I was on Douglas Lake this afternoon cruising along when I received a sudden, unexpected surprise.

video

Thursday, February 26, 2015

WINTER TREES

We are really getting bombarded with snow here in East Tennessee the likes of which have never been seen before, so I'm told.  Below are two shots of the now drained Douglas Lake at Leadvale, TN where the Leadvale boat ramp gives access to the river and reservoir.  The brown, gooey mud has been white for over a week.
Even a coat of pure white snow can't improve the face of this ugly duckling, empty lake much.  But its a blessing not to have to look at a sea of brown mud every day.
Complaining about Douglas Lake isn't why this blog entry is submitted, however, but its a shame that plastic surgery of some sort can't be applied to beautify the massive desolation. 

Yesterday morning was unique in that all the tree limbs had a layer of snow on them and the sky had an orange cast to it as the sun started to glow.  All that was surrounded by a layer of fog that appeared gentle to light in some places and heavy to dense in others.
The combination of all those parts, when applied to trees, presented an extravagant picture to the eye.  I don't presume to be competent enough to capture the essence of that beautiful morning accurately with a camera but, maybe I can get just a little bit close.  Anyway, the results of my attempt to photograph those gorgeous trees follows:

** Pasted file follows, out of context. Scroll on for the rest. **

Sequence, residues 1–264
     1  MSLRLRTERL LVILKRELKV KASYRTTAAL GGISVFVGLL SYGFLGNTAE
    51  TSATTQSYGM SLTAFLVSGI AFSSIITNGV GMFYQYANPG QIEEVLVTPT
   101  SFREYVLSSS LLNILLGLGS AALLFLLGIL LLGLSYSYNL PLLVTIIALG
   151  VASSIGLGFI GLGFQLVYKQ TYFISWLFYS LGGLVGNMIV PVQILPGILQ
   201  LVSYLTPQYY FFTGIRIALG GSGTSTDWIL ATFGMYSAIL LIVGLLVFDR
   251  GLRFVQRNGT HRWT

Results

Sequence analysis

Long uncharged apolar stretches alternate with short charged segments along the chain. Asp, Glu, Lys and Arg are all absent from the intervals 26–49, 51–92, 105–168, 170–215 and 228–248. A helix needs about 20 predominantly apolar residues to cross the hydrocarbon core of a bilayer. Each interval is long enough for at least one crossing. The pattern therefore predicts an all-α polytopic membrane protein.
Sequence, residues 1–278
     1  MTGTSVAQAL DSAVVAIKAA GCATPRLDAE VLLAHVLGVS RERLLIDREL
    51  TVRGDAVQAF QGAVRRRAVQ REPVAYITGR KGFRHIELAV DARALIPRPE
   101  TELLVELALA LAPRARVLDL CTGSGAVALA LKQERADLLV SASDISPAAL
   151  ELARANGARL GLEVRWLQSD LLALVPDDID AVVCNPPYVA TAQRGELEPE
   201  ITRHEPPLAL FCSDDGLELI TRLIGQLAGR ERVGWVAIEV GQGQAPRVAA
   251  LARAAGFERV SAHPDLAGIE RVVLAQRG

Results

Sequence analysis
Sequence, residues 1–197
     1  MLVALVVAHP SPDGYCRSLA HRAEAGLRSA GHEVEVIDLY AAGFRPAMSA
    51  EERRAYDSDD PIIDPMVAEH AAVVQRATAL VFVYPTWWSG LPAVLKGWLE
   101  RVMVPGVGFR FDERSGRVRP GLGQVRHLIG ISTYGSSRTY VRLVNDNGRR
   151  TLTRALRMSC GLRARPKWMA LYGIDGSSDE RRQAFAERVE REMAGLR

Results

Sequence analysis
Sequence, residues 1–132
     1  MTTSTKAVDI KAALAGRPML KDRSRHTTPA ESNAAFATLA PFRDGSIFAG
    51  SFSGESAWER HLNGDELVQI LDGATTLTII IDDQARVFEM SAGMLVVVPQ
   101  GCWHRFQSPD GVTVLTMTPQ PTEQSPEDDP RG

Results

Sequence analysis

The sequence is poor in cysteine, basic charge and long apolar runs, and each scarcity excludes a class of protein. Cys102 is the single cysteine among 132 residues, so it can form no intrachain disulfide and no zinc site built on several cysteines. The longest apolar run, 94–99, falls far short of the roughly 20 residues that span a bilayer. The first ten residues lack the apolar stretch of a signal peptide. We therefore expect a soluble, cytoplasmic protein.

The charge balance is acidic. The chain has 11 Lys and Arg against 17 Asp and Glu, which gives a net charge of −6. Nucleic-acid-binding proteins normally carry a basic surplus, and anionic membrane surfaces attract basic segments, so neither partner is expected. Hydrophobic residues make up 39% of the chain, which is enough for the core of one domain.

These shots were taken in RAW format, which I rarely use due to complexity and and extremely large files.  I mostly take photos for my own enjoyment or documentation of an outing and RAW isn't really that big a deal.  That all being said - RAW format is a bit sharper and the shadows and highlights are more intense or accurate.  I don't know whether to use RAW routinely or not.  Its another step in developing the pictures as RAW is the negative for digital photography.  I'll sleep on it.









 I found myself standing in front of many of these scenes with my mouth open.  Its amazing how the outdoors changes with the addition of snow.  I wish I could get over to Cades Cove for a ten mile hike through that place and just take pictures of snowy landscape.  My old truck wouldn't make the trip in snow.  
I tried to soften the "white" of the snow and the browns of the trees.  Bright white against dark brown or black results in a harsh effect and I think it overpowers the beauty and uniqueness of the winter scene.  Just me sayen.....




 Note the soft brown texture and color of the trees with the gentle white snow reaching up the trunks from the ground.
 I looked at 4AM this morning and the porch and yard have about four to five inches of wet snow covering everything.  I drove the truck out the lane and left it almost at the end because it wouldn't pull the tiny hill just out from the house.  It probably was a futile effort to do that as I doubt that old two wheel drive truck will even move downhill from the spot it sits on.  I don't know why two wheel drive trucks are still produced.  Want to reduce traffic accidents and save lives?  Require all trucks to be 4 wheel drive and be done with the ridiculous, dangerous 2 wheel drive junk. Don't even make 2 wheel drive versions available.  It will save more lives and reduce more injuries  than seat belts.  Had to get at least one rant in for the day.  :)